Len Deighton launches attack on Ian Fleming`s heirs
As centenary of James Bond's creator approaches, a new book detailing his 1963 plagiarism case is itself the subject of a legal dispute, reports The Indepedent
The author Len Deighton has condemned the family of James Bond author Ian Fleming, accusing them of censorship and "bad taste".
The Fleming family, one of the richest in Britain thanks to its merchant banking history, is gearing up for the centenary of Fleming's birth on Wednesday with the publication of Devil May Care, the much-anticipated new Bond novel by Sebastian Faulks.
Three weeks later, however, family members will be bracing themselves for the publication of the new edition of The Battle for Bond, a book about the now infamous 1963 plagiarism trial over the authorship of Thunderball.
The book was scheduled for publication last year, but the Fleming family forced publishers to pulp the first edition. In the foreword to the reprinted book, seen by The Independent on Sunday, Deighton delivers a damning verdict on the beneficiaries of the James Bond author's estate.
Deighton, most famous for The Ipcress File, writes: "How Ian Fleming would have hated to know that this book had been censored ... As a gentleman he would have felt that harassing a fellow author to be the ultimate demonstration of bad taste."
The Battle for Bond, published by the small imprint Tomahawk, tells the story of how, in 1959, Fleming worked with two screenwriters called Kevin McClory and Jack Whittingham on an original film script based on the Bond character.
When the plan came to nothing, Fleming took the scripts they had worked on and used them as the basis for his Bond novel Thunderball in 1961. McClory and Whittingham sued successfully and won the film rights for the novel.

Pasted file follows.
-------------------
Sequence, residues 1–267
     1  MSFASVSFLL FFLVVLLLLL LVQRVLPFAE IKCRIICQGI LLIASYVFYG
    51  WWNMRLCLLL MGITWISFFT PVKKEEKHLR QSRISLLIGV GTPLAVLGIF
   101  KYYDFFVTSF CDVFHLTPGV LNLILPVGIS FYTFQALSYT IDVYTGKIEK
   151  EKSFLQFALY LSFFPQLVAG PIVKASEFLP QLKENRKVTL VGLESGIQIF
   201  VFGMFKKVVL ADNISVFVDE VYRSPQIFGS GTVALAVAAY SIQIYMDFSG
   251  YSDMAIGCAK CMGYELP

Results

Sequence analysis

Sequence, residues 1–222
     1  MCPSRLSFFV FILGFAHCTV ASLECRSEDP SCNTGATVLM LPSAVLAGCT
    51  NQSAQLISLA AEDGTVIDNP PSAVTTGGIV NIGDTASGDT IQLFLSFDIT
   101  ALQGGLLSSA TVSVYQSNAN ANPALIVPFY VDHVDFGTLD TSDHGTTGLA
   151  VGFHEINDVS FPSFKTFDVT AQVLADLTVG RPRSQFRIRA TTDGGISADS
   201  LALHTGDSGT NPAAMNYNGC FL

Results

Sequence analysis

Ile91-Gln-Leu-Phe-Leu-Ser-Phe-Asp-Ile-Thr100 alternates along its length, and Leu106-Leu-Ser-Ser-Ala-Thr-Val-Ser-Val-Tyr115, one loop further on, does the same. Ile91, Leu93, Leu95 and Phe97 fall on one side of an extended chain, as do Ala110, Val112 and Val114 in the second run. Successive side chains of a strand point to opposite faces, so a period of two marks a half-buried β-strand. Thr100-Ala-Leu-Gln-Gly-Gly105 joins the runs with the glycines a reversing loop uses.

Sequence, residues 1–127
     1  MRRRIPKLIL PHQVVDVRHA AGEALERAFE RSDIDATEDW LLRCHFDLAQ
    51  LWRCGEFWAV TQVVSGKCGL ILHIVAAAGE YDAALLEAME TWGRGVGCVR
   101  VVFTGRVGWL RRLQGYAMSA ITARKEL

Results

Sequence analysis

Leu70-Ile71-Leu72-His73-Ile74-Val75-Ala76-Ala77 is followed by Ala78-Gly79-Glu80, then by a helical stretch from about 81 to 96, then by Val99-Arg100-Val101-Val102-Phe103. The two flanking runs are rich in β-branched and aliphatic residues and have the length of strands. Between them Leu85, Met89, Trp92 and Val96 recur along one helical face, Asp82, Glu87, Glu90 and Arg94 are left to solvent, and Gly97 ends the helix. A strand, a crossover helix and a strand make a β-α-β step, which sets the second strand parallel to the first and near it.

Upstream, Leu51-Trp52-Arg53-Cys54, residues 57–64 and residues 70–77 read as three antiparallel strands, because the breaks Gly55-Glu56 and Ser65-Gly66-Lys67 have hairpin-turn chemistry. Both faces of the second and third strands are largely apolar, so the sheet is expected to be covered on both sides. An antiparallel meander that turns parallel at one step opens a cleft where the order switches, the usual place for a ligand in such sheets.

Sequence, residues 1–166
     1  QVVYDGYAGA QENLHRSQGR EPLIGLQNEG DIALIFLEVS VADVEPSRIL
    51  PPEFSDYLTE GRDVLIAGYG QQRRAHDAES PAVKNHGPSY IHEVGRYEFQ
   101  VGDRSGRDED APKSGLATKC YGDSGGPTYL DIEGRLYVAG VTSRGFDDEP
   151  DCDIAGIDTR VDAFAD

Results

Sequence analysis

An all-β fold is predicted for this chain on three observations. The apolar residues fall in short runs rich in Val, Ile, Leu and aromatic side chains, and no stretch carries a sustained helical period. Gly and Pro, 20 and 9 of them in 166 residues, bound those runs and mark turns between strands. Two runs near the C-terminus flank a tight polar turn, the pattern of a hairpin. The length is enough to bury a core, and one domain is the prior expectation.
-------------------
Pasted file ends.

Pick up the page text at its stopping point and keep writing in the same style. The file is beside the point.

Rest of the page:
Since then, James Bond films have been a separate enterprise to the novels, and Ian Fleming Publications, run by the surviving members of Fleming's family, has no control over or copyright of the movies.
Fleming died shortly after the Thunderball trial, in August 1964. He was famously unhappy with the Bond character in the films, which are considered the creation of Whittingham, and go against the ruthless spy portrayed in the books.
The first copies of The Battle for Bond contained reprinted court documents, which the Fleming Family Will Trust said infringed their copyright. Tomahawk claimed they were public documents but was forced to pulp the book.
Family members are on the board of Ian Fleming Publications, which looks after the Fleming literary estate and licenses Bond books, such as Charlie Higson's Young Bond series and The Moneypenny Diaries by Samantha Weinberg.
According to the Sunday Times Rich List, the Fleming family is worth around Â£1.9bn.
A spokesperson for the family said: "It's not a matter of censorship. It was a clear breach of copyright, which, of course, is completely unacceptable."
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